‘m in my hard wooden chair in a West Virginia Northern caboose, my coffee sloshing about my green company cup as I ride the rough rails down from Clifton Forge to Harris, a line of WVN green boxes banging along. I hear the head-end throw an uneasy four-note whistle as we reach the engine house grade crossing just outside of town. The engineer in the iron seat up front is a newbie. But it’s not what you would expect, not some gnarled tobacco-spitting local boy made good, no. It’s my wife.
JB came along with me to run on the WVN this time, under the iron-clad promise that she’d crew with me the entire time (since she didn’t know the line, the methods, the operations or even the hosts, and she’s not particularly good with the unknown). Our hosts the Komars kindly granted us this condition (it mean less capacity in the room without any increase in productivity) and so the stage was set.
I figured JB would operate like any other newbie. Given that the Komars’ throttles are not just spin-n-go, but accelerate-and-ease-on-brakes (if you don’t like momentum, don’t come – another operating slot for me). So all newbies are very gentle until they realize they aren’t getting anywhere quickly. For JB, it took about half our work at Harris (where we enter, run back to the east end, classify, turn the engine on the table, grab the outbounds and vamoose) to get over throttle-shyness. She didn’t bang the cars, no. But she did get the acceleration down and figured braking distances. She even got the engine onto the table neatly. So yes, as we discovered years back on a real GP-7, she has a better throttle-hand than I do.
We’d also brought along three club members (specially invited from Orlando N-Trak by the Komars) to operate. They all did a super job (Gail thanked me later for bringing competent operators). And that’s why operations at the club work so well – we practice there and are skillful boomers everywhere else (Wilkes noted that our guys knew the warrant system backwards and forwards). So yes, it looks like you guys will be in the crew calls going forward.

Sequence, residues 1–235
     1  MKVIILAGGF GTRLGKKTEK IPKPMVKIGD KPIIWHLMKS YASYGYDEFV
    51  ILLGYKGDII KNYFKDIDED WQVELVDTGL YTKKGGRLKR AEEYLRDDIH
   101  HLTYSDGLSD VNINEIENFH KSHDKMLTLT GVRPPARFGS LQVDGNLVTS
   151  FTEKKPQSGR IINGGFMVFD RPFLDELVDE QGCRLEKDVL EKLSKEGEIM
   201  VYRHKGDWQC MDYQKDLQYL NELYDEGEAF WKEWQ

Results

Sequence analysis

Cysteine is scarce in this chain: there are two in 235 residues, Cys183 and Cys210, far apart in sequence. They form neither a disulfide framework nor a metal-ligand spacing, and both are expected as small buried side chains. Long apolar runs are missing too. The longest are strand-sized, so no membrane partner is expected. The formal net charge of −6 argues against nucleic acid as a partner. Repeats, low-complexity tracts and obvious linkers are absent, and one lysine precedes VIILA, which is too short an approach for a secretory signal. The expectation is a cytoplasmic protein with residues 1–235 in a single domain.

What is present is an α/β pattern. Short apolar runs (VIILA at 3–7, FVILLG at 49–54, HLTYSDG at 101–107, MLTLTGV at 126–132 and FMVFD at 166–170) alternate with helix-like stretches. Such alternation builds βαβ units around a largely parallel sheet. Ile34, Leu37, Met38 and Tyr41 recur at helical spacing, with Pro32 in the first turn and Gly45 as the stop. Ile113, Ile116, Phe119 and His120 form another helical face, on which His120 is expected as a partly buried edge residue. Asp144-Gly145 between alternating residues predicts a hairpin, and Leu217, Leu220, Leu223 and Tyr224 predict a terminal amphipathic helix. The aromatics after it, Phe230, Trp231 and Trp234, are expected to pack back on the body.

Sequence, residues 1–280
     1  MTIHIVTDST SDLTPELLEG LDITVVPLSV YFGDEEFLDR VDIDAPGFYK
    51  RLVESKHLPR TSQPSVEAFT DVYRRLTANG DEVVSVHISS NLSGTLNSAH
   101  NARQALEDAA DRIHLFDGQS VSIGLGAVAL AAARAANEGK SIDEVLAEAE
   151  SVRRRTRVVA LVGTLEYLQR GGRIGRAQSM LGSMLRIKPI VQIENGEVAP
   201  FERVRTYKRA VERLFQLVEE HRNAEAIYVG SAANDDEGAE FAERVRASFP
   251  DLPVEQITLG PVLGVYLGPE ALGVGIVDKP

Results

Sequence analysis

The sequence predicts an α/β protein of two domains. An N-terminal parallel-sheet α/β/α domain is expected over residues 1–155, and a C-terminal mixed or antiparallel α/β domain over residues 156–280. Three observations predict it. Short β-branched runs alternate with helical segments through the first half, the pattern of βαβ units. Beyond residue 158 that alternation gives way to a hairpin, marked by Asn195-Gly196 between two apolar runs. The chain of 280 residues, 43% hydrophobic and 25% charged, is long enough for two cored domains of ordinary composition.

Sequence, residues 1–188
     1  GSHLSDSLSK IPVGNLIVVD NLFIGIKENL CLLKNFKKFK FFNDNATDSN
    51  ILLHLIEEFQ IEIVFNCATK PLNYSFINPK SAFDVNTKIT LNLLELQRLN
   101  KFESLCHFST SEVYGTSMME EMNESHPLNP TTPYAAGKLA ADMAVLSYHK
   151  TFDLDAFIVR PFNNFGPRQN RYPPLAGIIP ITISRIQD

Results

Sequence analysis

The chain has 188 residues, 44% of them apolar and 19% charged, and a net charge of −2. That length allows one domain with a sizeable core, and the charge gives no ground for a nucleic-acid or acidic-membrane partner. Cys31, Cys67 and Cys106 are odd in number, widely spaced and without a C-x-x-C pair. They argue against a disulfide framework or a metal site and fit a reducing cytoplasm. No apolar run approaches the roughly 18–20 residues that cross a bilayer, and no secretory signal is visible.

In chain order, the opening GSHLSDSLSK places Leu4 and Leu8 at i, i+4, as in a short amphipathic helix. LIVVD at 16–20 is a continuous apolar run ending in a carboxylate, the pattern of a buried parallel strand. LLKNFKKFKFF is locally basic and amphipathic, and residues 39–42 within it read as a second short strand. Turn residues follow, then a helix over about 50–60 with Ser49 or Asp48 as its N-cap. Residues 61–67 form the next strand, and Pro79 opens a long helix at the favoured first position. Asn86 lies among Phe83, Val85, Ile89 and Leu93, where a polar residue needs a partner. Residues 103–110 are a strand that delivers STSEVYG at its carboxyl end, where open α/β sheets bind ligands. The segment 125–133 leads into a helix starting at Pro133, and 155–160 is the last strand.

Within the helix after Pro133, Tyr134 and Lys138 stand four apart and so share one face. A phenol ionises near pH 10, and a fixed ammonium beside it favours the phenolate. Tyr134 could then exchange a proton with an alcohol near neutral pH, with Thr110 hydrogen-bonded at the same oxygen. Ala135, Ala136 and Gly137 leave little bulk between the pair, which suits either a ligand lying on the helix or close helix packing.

Photo Credit: Greg Komar
JB and I worked through the day, taking various runs (with a lot of switching) over the line. Our only fly in the ointment was when we got to Harris in the afternoon with the run out of Blackstone. We’d been there in the morning from Clifton Forge and early in the afternoon with the local out of Ashbury. But when we got in with the run out of Blackstone, I was a bit surprised to find the cars in the yard munged together, miss-classified. I’m not sure if we’d left the yard in this poo-poo state or possibly another crew had not quite understood the work. Told JB that we had to clean up this mess besides working out own cut. “Let’s do it,” she nodded. Good girl.
So we cleaned up Harris and ended the session neatly. The N-Trakers run the line like pros (and nobody won the pool of when Sparky would hostle an engine into the Ashbury pit). No major delays and the session ended early (with smiles and complements from the Komars and not a cease-operations order from the ICC like last time). So we did good, both as the Raymond family and as Orlando N-Trak. Good work, guys (and girls)!